by Wael Afifi, Unifor Local 2025 Vice President, Human Rights
I wasn’t surprised when I started hearing some hostile reactions to the news about the Khadr settlement earlier this month. I have to admit that I immediately dismissed voices attacking the settlement as a small bunch of bigoted minds. Shortly after, similar statements from prominent Conservative leaders didn’t shock me either; after all, it is a party that has been highjacked by extremists who trace their roots back to the old Reform Party.
However, this was all abruptly replaced by a deep sense of disbelief and disappointment upon reading that an Angus-Reid poll revealed that 71 per cent of respondents thought that a cash settlement was “wrong” as they preferred to see the government fighting Khadr in court, where he was suing for $20 million for breaching his civil rights. Such alarmingly high percentage of opposition to the settlement meant that there are profound problems that extend beyond my perhaps simplistic dismissal “a small bunch of bigoted minds”.
At one level, part of the problem stems from a lack of understanding of the basic principle of “innocent till proven guilty” as well as a lack of awareness about previous Canadian court decisions with respect to this file. At another level, the poll is also indicative that a majority is willing to forget or even forgive that security apparatuses in our country have demonstrated an utter lack of respect for international treaties signed by successive Canadian governments against torture and against minors’ incarceration. This kept me wondering: even if the scandalous role of Canadian security officials in the Arar ordeal was forgotten, how could a majority amongst us quickly turn a blind eye on questionable practices that hurt other victims such as Abdullah Almalki, Muayyed Nureddin and Ahmad El Maati? These Canadians suffered as a result of security abuses and the ink on their settlements hasn’t dried yet.
Much has been written by rational and progressive voices about the merits and the justice of the Khadr settlement and I am not writing to simply echo or reiterate what has been eloquently articulated by a few to debunk some of the myths espoused by an opposing majority. Rather, I am wondering: is there a role for the trade union movement in what Paolo Freire termed “conscientization” or the act of empowering ourselves to expose and fight oppressive thoughts and ideas that have creeped into our mix and manifested themselves in this poll?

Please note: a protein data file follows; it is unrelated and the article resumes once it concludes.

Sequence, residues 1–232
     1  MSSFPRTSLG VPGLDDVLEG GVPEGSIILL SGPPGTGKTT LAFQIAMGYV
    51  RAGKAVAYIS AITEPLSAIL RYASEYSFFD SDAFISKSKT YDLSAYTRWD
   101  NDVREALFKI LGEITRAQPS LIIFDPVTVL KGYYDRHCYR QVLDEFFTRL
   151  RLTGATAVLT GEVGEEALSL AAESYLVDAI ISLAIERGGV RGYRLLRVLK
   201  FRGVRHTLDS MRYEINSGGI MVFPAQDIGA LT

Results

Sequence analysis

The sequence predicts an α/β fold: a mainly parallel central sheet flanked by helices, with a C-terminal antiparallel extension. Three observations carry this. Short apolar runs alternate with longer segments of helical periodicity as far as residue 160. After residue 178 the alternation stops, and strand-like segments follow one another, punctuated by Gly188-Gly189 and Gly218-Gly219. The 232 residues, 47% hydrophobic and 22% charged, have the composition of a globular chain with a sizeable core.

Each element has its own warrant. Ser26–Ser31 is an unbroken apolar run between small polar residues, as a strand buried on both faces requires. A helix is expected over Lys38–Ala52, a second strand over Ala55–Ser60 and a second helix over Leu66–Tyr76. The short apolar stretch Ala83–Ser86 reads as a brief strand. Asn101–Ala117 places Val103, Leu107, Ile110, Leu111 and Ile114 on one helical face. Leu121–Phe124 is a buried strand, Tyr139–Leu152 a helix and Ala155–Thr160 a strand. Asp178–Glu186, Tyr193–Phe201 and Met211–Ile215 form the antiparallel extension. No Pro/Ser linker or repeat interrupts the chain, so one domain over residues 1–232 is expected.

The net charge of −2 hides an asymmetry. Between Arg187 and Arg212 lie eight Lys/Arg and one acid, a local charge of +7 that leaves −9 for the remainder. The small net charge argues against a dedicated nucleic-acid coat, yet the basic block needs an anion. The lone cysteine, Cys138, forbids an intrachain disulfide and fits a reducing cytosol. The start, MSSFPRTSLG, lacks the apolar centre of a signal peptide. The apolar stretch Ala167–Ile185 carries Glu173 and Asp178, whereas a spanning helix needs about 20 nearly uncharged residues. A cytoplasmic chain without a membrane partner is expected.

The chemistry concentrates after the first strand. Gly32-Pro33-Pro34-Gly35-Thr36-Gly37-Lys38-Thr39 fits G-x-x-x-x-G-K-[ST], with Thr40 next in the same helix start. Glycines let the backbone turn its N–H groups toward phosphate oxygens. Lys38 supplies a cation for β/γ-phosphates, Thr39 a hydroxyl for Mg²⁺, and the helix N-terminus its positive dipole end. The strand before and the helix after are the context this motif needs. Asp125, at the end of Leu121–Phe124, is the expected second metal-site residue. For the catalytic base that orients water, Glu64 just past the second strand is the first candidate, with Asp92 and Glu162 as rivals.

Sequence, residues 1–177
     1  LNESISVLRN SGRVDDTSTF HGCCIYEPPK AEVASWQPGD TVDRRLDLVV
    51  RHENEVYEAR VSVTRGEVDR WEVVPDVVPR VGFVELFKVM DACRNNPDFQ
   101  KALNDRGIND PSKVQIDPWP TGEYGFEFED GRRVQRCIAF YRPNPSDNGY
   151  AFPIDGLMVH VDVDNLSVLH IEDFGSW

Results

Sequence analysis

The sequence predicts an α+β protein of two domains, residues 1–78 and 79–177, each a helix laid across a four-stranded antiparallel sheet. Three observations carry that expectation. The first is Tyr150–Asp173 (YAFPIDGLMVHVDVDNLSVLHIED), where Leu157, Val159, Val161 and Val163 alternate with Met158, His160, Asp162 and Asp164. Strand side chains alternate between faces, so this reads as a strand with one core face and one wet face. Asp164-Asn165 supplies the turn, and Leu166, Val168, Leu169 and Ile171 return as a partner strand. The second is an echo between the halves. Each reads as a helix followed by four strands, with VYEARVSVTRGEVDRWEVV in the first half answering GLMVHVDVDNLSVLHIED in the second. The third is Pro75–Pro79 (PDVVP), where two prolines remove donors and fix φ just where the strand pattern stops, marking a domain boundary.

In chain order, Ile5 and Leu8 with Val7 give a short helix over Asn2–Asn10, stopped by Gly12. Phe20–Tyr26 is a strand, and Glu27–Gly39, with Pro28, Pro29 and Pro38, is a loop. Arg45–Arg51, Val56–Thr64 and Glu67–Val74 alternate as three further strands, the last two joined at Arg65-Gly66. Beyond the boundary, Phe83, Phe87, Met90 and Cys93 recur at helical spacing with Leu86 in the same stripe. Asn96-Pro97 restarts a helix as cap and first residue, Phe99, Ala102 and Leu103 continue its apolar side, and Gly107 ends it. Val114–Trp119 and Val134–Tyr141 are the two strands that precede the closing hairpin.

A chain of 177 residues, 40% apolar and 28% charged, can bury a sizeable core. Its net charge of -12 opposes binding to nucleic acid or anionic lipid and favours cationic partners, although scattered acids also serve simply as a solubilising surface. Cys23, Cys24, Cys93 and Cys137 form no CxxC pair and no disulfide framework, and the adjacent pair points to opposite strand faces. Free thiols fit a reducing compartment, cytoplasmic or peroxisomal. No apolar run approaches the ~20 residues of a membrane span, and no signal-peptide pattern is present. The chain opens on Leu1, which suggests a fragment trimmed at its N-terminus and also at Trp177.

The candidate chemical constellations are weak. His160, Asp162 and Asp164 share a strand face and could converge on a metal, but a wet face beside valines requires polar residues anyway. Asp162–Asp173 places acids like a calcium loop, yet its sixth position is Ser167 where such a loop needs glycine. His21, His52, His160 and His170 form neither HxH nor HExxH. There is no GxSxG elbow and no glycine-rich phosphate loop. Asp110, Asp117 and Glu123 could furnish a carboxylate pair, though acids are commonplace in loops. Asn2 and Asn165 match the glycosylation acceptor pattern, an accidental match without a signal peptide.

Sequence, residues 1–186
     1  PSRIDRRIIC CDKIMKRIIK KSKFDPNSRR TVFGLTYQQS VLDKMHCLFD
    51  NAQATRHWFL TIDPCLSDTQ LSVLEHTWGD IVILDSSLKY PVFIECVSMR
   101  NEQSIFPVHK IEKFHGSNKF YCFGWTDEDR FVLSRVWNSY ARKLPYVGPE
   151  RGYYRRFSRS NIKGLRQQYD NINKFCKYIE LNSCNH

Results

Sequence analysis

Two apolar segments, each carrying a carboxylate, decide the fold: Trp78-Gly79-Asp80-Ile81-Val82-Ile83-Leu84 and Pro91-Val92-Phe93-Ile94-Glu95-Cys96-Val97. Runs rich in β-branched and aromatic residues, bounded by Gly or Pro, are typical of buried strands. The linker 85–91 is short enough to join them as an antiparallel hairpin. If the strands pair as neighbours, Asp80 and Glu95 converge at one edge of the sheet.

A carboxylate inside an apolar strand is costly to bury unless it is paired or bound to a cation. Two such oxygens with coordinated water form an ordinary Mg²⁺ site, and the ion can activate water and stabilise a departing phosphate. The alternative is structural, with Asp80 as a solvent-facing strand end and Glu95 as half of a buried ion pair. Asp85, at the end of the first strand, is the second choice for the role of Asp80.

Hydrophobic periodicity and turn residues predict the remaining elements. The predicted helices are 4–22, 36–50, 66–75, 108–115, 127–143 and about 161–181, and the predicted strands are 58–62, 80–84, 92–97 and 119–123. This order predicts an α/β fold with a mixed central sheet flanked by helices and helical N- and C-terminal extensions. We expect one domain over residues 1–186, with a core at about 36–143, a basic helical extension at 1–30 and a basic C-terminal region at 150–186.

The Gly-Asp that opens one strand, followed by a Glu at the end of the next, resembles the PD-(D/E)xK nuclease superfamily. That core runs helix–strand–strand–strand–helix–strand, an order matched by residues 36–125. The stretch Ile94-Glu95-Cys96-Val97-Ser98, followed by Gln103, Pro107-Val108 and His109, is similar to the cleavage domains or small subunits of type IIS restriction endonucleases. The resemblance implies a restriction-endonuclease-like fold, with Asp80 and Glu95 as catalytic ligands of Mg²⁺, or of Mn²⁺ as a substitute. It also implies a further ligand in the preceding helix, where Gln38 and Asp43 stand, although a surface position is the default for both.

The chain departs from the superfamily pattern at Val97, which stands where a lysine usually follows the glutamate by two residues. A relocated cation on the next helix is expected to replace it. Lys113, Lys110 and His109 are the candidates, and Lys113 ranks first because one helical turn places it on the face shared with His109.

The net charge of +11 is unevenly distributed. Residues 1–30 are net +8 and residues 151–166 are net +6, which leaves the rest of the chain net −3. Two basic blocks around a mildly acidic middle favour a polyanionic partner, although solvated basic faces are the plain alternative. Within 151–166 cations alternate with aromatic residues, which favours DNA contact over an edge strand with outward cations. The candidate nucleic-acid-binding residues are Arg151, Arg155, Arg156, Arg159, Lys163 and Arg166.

The answer should be a resounding yes! Yet, unfortunately, I haven’t seen so far, any concerted efforts either by the CLC -or any of its major affiliates- to engage in a public campaign to educate and raise awareness on why the settlement should be supported and why it helps in upholding our rights as Canadians.
There is an indication that when it comes to taking a progressive position about the Khadr settlement or mounting campaigns to educate and raise awareness about it, we aren’t starting from scratch. For example, the November 2015 OFL Convention engaged actively and gave a standing ovation to Khadr’s lawyer who outlined the various legal battles that they were continuing to face at the time.
As such, it is safe to say that the Trade Union movement stands shoulder to shoulder in the same camp as the other 29% or the minority that supported the deal. But my point is that there is ample room for more action towards to engage in public as well as internal union education campaigns to explain why we all have a steak in supporting the settlement and to try to reverse the sorry state of public opinion as manifested in this poll. I suspect that timing might have been an issue because news about the settlement coincided with summer holidays and as a result, we haven’t even seen the bare minimum in terms of the usual media releases.
We can’t rely on courts
Finally, our movement must realize that we can’t rely on courts to correct injustices in our society. We must engage our members and the public in general to vigorously defend our human rights and to uphold international treaties in order to prevent abuses and injustices before they occur instead of waiting and hoping for courts or even settlements to rectify things at a later stage. Perhaps as importantly, we in the Labour movement, also need to understand that when it comes to the union business of educating members and defending our rights, our work is also all year round – exactly as collective bargaining and labour arbitrations – because social justice matters don’t get to take a summer break!